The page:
Becoming accountable to oneself and to others encourages the outside to match the inside, and vice versa, hence my love and affinity for the John Wesley and the Holy Club!
In a pinch, and because I do in fact serve at a Methodist church, I pulled out these questions, and one by one, I asked our staff to reflect and ponder the answers for their own lives. (I have included the list of 22 questions at the end of this post.) It was a meaningful moment, as we corporately examined our lives and prayed for each other as we sought to answer these hard, direct questions about ourselves. These questions are not intended to bring judgment on a person or belittle one’s way of living. On the contrary, it is meant to bring about a change in thinking, a lifestyle and culture change, to draw close to God in the midst of a small group of encouragers. As Hebrews 3:13 states, “Encourage one another daily, so that none of you may be hardened by sin’s deceitfulness.”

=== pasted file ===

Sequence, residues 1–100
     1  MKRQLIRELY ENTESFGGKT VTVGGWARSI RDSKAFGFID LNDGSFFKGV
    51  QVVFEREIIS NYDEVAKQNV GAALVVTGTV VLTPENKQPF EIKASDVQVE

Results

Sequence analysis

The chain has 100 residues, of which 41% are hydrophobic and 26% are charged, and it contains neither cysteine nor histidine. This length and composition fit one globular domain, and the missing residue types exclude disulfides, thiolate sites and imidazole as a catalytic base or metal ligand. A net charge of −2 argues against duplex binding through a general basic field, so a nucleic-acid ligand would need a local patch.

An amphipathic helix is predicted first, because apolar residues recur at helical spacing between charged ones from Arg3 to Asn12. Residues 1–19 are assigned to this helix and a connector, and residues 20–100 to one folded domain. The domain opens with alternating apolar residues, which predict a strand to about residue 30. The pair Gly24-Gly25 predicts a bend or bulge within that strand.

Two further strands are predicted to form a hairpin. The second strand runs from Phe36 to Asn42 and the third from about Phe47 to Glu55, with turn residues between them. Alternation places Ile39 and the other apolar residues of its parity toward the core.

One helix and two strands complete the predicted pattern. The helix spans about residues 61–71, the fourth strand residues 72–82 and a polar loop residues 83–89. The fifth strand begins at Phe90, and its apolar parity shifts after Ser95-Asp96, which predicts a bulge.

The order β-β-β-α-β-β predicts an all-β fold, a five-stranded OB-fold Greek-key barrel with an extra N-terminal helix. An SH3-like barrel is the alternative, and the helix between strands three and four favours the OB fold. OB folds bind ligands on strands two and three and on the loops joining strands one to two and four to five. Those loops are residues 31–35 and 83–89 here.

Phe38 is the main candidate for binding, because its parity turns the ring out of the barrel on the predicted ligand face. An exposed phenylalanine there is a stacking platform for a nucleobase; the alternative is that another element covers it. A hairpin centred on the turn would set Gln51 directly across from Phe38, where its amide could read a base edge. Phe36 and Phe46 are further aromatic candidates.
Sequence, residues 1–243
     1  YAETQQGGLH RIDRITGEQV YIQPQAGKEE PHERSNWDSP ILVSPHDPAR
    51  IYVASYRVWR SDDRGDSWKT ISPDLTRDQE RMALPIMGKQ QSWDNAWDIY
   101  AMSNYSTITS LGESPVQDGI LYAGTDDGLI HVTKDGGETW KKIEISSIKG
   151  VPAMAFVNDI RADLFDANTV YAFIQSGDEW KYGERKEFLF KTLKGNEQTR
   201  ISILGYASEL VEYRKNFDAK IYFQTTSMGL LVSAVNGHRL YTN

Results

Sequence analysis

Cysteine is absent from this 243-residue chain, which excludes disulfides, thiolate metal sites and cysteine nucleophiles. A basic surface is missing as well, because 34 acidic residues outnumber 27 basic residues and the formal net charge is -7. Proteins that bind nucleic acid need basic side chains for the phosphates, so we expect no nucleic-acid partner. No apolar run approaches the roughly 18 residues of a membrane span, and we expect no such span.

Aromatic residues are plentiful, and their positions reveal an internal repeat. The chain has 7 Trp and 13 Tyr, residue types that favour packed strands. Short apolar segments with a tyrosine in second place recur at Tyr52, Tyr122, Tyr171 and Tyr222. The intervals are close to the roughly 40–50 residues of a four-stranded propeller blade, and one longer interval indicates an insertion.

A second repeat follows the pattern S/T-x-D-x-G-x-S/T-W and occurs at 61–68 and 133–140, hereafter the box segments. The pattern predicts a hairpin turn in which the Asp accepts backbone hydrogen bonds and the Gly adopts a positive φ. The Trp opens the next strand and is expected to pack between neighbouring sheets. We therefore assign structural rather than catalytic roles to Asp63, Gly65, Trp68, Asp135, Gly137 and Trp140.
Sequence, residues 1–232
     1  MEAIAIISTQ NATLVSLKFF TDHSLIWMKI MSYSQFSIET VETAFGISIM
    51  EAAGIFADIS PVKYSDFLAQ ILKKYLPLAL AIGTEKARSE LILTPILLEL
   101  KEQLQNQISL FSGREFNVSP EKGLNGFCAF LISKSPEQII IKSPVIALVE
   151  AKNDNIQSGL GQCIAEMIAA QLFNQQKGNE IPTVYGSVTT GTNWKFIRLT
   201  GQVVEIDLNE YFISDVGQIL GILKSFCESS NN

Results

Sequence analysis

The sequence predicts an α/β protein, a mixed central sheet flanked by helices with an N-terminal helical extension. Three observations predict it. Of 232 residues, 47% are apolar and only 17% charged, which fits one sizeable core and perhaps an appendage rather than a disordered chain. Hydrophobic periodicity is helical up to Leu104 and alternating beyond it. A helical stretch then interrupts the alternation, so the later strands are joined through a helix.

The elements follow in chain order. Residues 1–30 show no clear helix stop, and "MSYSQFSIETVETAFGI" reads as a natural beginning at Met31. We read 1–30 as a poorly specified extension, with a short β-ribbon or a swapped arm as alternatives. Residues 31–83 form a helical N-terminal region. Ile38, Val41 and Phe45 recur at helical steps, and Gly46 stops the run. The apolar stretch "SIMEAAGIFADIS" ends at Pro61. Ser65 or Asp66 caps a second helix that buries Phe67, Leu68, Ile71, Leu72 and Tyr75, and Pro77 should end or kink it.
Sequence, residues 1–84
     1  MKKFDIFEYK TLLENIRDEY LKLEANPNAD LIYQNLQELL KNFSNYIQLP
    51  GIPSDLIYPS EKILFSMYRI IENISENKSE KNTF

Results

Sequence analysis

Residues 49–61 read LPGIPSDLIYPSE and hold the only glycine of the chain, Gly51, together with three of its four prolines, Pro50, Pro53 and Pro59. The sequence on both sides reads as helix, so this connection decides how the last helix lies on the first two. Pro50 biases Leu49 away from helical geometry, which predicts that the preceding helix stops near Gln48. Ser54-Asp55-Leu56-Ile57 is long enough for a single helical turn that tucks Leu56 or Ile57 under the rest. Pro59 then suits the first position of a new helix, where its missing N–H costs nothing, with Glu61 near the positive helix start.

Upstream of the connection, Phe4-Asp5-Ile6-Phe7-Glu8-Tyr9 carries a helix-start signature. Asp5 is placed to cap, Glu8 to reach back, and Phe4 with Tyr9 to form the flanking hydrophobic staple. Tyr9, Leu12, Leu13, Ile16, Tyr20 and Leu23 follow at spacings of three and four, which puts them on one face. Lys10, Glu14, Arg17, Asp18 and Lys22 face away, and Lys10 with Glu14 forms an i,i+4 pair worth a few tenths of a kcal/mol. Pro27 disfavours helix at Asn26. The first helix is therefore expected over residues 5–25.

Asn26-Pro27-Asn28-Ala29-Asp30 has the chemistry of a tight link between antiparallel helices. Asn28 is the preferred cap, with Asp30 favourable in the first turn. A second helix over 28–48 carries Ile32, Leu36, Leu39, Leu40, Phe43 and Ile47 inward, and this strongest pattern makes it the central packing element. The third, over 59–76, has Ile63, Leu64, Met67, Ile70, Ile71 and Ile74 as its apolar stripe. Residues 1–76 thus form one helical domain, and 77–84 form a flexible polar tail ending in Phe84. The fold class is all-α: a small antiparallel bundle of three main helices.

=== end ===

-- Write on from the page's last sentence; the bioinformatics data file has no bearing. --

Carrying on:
Last week in our cohort blogs and discussion, we mentioned over and again how if we do not learn the lessons of our past, we are destined to repeat the same mistakes. D. W. Bebbington’s classic Evangelicalism in Modern Britain is an attempt to highlight the key points in the history of the evangelical revolution in the Church, from the time of John Wesley to today. It is in John Wesley’s story, in his encouragement of answering tough questions about ourselves that we are to learn the mistakes of our own individual pasts and move forward with a new way of thinking and posture of life.